After returning from a fact-finding trip to Haiti in early December it has been overwhelming trying to consolidate information. There are many stories to tell, and at least 30,000 words are in document files, trying to find a home. But some stories cannot wait to be told, especially now as Haiti faces another election crisis and threats of violence in the capitol of Port-au-Prince. Reports from the ground in Haiti say that most of the unrest is centered there, and this is the same experience I had in December when the election protests began and the countryside remained quiet as people went about the business of living.
That is not to say Haitians do not have very valid reasons for the anger, the stress, the loss of hope, and the ultimate specter of despair that creates an "anything goes" mentality.
The pyres were built but not lit in December. Things have changed on the political landscape with a chaotic election providing the match to feed the fuel that has been gathered for some time now.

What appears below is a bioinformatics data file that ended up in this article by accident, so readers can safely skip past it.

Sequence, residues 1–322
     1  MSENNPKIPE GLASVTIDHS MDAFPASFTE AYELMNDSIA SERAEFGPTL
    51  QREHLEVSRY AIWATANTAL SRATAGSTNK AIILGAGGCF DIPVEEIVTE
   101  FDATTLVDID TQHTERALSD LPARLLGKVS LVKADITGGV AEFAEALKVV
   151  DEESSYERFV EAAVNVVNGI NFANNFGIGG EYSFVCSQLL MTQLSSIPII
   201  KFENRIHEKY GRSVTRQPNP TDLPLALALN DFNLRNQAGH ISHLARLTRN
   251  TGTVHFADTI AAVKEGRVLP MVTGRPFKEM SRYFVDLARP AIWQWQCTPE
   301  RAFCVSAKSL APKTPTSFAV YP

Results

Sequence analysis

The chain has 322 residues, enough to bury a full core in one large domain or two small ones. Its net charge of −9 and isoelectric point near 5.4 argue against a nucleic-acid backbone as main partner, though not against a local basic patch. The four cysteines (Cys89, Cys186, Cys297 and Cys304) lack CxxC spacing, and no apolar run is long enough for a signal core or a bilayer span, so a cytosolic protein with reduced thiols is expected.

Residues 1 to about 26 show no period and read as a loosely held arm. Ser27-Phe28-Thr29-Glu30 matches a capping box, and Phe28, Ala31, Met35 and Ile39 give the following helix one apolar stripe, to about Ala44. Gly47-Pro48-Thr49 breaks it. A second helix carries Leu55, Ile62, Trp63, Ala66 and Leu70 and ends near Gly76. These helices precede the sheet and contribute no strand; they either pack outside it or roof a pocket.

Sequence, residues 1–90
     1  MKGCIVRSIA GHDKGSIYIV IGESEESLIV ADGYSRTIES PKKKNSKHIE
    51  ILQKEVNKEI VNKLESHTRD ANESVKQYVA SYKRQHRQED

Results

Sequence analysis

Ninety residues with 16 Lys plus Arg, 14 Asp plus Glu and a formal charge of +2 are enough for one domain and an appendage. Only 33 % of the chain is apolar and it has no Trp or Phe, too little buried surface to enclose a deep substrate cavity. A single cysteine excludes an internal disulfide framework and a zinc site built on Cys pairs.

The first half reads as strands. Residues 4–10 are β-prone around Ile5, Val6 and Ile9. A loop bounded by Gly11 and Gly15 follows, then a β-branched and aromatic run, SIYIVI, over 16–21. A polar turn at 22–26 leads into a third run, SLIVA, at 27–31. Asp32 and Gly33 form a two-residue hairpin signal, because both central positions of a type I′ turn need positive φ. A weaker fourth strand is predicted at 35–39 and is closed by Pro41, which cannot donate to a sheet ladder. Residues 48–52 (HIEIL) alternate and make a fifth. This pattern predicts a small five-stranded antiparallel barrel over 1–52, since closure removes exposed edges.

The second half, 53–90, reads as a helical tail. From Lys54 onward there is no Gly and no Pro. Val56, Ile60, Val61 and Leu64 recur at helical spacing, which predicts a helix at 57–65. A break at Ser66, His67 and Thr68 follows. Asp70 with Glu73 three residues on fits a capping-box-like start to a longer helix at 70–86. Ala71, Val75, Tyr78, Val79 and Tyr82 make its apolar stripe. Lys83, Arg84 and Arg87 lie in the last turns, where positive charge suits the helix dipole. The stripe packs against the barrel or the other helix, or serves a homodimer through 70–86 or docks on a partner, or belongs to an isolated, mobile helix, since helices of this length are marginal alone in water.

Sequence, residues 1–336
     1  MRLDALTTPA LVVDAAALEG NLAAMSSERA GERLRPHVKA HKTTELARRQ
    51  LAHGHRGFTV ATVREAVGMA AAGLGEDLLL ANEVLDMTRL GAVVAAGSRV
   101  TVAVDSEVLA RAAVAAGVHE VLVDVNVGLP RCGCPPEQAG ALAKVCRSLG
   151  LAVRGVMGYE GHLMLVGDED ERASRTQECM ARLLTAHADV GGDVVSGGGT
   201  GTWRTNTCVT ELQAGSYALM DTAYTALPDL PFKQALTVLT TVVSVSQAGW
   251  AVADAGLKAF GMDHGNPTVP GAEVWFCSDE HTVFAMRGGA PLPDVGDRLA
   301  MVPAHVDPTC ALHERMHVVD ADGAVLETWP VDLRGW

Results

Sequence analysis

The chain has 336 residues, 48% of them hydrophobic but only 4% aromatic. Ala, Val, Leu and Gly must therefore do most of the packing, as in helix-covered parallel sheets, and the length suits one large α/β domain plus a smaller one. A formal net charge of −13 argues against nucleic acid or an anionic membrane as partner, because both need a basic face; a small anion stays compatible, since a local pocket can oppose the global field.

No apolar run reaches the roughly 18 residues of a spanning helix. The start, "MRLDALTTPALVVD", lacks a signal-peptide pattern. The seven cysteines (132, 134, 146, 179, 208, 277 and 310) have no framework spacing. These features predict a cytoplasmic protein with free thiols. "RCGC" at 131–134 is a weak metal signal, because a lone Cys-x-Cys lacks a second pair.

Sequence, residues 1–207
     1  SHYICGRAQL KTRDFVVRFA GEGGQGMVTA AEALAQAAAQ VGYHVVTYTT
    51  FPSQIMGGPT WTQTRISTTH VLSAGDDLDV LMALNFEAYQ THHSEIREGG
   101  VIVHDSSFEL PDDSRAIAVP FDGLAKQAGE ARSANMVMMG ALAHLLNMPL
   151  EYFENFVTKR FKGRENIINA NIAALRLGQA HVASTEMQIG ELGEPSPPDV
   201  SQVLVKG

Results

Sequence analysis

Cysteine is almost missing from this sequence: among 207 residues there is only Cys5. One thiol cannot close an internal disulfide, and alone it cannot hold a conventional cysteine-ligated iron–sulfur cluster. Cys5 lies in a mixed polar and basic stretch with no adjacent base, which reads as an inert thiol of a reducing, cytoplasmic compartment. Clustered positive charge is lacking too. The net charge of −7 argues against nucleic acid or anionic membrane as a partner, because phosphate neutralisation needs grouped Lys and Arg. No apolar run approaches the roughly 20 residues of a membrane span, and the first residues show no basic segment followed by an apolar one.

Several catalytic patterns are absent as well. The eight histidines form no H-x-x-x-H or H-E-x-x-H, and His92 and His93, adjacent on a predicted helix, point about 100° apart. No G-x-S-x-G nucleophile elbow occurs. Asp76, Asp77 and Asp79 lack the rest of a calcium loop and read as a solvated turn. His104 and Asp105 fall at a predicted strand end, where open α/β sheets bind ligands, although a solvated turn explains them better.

Each of the frames in this short slide show is worth a thousand words. As it is, I am probably posting too many. Hopefully they will answer some questions and provide a conduit for understanding. As Americans, we need to ask ourselves how we have allowed this to happen.
Notice the faces from the cholera ward, the Potemkin village built by USAID, the locked gates keeping Haitians out, the pride, the poverty, and the beauty. Notice how nothing has changed for those displaced by the 2010 earthquake. Notice the colors, the defiance, the will of the people and the hope in the children's eyes. We all have much work to do to sort all of this out.
One suggestion is that we urge our respective political parties to ask the candidates what they intend to do about the mess we have helped to create in Haiti.